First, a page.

Super Bowl Sunday is upon us.
For some of us, this warrants little more than a half-hearted shrug of the shoulders. I’ll watch the game but except for those very rare occasions when the Bears are in it, I’m not generally riveted to the television screen.
But for gamblers and gambling establishments, this is a bigger holiday than Christmas.
There are so many things you can place wagers on, aside from just the outcome of the game. You can bet on the television broadcast, commercials, halftime show, national anthem, weather. There’s all sorts of crazy stuff. There even are bets being offered by various Las Vegas establishments pertaining to President Donald Trump.
Of all the prop bets, this is maybe the dumbest one we’ve seen: Odds that the opening coin toss comes up heads: 1-to-1.
Oddly, no one is offering a bet on the odds of it coming up tails. We’re betting it also is 1-to-1.
Some of the other bizarre ones we’ve seen:
Odds on what color Gatorade will be poured on the winning coach. Orange and blue are the co-favorites at 3-to-1, followed by clear at 5-to-1 and purple and yellow at 7-to-1. (Wait a minute, they make clear Gatorade? Isn’t that called water?)
Odds that the goal posts fall down during the game: 5000-to-1.
Odds that someone catches fire during the halftime show: 25-to-1.
Odds of it snowing in Minneapolis during the game: 2-to-3.
Odds of there being a locust attack in Minneapolis during the game: 1,000,000-to-1.
Over-and-under on the number of tweets from Trump during the game: 3.5.
Over-and-under on the length of Pink’s rendition of the national anthem: 1 minute, 58 seconds.
Over-and-under on the number of times the phrase "Dilly-Dilly” is uttered in all Bud Light Super Bowl commercials combined: 15.5.
Odds that Tom Brady retires after the game: 49-to-1.
Odds that Patriots coach Bill Belichick retires after the game: 5-to-2.
Odds that Eagles coach Doug Pederson is fired after the game: 999-to-1.
Odds that an Eagles fan runs onto the field during the game: 50-to-1.
Odds that an Eagles fan throws debris onto the field during the game: 33-to-1.
Over-and-under on the number of Eagles fans arrested before the game even begins: 1.5.
Here is a prop bet that the folks in Vegas missed: Odds that an Eagles fan punches out a horse.
Actually, it’s already happened.
In a scene that must have been vaguely reminiscent of Alex Karras’ Mongo character in Blazing Saddles, a 19-year-old man allegedly punched both a mounted Pennsylvania state police officer and his horse prior to the Eagles’ NFC championship game victory over the Vikings.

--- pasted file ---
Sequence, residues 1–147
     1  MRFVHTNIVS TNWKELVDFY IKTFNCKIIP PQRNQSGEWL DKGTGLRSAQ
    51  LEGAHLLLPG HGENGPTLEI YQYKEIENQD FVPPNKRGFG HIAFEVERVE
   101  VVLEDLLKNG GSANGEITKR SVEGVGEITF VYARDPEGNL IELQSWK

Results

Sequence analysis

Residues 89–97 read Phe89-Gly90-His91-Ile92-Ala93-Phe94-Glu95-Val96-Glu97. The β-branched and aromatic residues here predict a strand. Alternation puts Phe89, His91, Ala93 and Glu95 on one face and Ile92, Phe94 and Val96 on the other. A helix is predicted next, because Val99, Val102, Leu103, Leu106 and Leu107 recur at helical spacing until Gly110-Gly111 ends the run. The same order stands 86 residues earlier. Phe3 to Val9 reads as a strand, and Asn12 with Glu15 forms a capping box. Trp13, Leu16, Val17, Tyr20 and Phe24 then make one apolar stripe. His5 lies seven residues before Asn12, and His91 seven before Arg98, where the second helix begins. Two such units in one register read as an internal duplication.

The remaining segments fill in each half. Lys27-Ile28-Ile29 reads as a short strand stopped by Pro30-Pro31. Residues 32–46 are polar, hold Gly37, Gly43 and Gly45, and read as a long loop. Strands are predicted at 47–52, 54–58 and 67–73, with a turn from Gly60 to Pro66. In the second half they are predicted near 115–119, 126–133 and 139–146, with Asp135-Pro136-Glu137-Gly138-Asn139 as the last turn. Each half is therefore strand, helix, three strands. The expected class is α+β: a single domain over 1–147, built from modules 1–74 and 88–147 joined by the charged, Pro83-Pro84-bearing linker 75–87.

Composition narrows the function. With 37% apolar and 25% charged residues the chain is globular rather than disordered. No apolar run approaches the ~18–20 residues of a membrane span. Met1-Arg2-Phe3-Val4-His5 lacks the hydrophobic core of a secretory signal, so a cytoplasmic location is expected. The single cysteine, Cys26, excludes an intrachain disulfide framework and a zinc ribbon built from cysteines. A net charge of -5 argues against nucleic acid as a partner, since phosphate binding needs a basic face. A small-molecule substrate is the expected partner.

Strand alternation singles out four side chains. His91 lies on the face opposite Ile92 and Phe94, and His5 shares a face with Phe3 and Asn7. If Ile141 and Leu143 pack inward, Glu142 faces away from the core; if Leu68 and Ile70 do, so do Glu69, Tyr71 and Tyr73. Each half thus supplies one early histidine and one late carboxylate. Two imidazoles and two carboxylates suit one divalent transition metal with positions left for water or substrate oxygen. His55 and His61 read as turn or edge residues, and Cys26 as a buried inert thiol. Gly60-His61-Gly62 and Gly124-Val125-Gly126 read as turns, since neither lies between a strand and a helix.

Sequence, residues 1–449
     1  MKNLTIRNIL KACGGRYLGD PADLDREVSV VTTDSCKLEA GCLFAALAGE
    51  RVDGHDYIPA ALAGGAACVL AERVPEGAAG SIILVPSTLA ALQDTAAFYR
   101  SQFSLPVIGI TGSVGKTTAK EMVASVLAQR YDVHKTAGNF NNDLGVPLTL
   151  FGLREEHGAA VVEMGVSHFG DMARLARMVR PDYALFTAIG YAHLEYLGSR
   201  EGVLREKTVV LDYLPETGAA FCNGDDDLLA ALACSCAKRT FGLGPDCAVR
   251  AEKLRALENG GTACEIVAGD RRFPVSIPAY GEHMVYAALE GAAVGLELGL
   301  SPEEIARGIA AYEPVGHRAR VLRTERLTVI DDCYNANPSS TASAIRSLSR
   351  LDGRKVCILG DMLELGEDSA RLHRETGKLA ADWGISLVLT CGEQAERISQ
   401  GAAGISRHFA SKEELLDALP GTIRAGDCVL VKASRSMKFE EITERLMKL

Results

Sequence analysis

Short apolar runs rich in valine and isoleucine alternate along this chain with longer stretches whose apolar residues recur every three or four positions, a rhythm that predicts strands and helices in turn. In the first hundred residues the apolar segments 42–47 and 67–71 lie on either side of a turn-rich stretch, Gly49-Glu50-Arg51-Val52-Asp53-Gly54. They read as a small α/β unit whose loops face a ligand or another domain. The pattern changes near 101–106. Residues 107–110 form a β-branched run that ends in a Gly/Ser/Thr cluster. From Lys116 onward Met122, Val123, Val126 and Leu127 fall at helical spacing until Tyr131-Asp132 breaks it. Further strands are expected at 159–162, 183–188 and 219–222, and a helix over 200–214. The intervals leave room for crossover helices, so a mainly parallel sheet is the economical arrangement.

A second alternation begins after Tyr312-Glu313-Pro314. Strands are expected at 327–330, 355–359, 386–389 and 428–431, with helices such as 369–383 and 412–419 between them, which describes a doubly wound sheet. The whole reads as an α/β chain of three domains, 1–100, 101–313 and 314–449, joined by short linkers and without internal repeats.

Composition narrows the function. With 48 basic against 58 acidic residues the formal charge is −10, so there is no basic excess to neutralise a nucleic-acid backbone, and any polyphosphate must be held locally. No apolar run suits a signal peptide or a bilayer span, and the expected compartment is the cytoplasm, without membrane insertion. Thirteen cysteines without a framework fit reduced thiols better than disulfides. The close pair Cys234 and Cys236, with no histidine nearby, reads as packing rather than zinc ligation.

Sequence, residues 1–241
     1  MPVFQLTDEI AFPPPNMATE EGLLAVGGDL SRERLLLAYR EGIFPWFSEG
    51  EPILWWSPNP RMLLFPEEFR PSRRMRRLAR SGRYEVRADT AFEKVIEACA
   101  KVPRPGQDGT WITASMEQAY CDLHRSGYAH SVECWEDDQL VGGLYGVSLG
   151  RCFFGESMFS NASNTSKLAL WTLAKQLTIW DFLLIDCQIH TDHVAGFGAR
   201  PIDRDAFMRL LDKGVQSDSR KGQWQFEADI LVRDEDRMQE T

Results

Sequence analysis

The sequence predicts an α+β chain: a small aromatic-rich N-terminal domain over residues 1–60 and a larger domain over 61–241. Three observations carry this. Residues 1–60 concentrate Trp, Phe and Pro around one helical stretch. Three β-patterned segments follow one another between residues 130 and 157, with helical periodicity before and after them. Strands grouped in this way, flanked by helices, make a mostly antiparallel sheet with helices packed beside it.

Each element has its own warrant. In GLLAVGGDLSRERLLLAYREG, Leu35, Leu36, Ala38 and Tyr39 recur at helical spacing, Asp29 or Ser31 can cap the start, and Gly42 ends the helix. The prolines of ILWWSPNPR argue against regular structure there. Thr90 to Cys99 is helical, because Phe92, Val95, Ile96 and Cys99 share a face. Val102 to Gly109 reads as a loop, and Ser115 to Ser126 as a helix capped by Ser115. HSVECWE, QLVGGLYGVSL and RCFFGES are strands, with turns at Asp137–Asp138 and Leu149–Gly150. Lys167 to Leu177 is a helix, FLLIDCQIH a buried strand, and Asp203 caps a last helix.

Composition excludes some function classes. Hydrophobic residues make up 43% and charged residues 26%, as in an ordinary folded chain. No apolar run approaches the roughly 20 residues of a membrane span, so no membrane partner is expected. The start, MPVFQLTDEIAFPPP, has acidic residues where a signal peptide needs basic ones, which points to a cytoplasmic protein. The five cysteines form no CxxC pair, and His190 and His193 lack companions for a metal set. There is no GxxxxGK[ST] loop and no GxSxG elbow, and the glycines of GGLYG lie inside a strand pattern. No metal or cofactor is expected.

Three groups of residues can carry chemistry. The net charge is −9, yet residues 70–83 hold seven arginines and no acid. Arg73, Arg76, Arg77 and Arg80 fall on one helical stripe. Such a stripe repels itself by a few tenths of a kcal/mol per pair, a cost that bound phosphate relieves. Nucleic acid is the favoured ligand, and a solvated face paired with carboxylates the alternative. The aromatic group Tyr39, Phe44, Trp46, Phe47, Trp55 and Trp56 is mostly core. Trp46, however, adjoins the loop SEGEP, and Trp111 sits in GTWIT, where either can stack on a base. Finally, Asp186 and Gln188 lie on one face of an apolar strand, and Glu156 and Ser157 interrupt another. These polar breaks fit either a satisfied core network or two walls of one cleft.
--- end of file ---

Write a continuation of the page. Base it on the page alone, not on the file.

He was charged with aggravated and simple assault, reckless endangering and assorted other things. We’re assuming one of them was cruelty to animals.
There will be at least one very ardent Eagles fan watching the game closely from eastern Iowa.
Hawkeye basketball coach Fran McCaffery grew up in Philadelphia and served as an usher at Eagles home games while he was in high school.
“Basically, I just wanted to go to the games and didn’t have a lot of money to buy the tickets so I’d go down and they’d pay me $10 to show people to their seats, then I got to watch the game,’’ McCaffery said.
The Eagles actually got to the big game in one of those years under head coach Dick Vermeil, losing to Oakland 27-10 in Super Bowl XV. McCaffery has fond memories of watching Wilbert Montgomery, Harold Carmichael and Ron Jaworski perform heroics in old Veterans Stadium.
He said this is finally their year.
“They’re going to win,’’ he said. “No question about it.''
The Cleveland Indians announced last week that they finally will succumb to pressure from native American activists and get rid of that iconic Chief Wahoo logo the franchise has used for decades.
They’re not doing it right away, which would seem easy enough to do. They’ll get rid of the chief in 2019.
That means all those Indians fans who love the traditional logo have one last chance — an entire season actually — to buy up Wahoo hats, t-shirts, sweatshirts, sweatpants, jackets, blankets, bobbleheads and assorted other items. Then, in 2019, those fans will be encouraged to go out and buy the new, politically correct, Wahoo-free apparel.
Does this smell like a marketing ploy to anyone else? It looks like the classic case of a pro sports franchise doing the right thing for the wrong reason.